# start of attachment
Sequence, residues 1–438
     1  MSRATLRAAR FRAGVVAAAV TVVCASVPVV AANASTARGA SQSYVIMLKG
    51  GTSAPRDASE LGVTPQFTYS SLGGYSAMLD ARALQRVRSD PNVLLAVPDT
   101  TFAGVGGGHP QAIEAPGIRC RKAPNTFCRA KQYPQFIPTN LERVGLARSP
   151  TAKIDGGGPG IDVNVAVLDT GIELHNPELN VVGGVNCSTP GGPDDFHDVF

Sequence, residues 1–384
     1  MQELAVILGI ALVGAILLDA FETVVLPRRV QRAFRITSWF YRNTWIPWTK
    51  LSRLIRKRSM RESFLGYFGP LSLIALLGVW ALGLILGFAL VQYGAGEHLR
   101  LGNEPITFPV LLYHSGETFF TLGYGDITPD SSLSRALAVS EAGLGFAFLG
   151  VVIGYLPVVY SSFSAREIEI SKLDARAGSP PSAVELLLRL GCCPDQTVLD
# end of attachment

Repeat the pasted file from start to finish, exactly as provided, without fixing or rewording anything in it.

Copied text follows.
Sequence, residues 1–438
     1  MSRATLRAAR FRAGVVAAAV TVVCASVPVV AANASTARGA SQSYVIMLKG
    51  GTSAPRDASE LGVTPQFTYS SLGGYSAMLD ARALQRVRSD PNVLLAVPDT
   101  TFAGVGGGHP QAIEAPGIRC RKAPNTFCRA KQYPQFIPTN LERVGLARSP
   151  TAKIDGGGPG IDVNVAVLDT GIELHNPELN VVGGVNCSTP GGPDDFHDVF

Sequence, residues 1–384
     1  MQELAVILGI ALVGAILLDA FETVVLPRRV QRAFRITSWF YRNTWIPWTK
    51  LSRLIRKRSM RESFLGYFGP LSLIALLGVW ALGLILGFAL VQYGAGEHLR
   101  LGNEPITFPV LLYHSGETFF TLGYGDITPD SSLSRALAVS EAGLGFAFLG
   151  VVIGYLPVVY SSFSAREIEI SKLDARAGSP PSAVELLLRL GCCPDQTVLD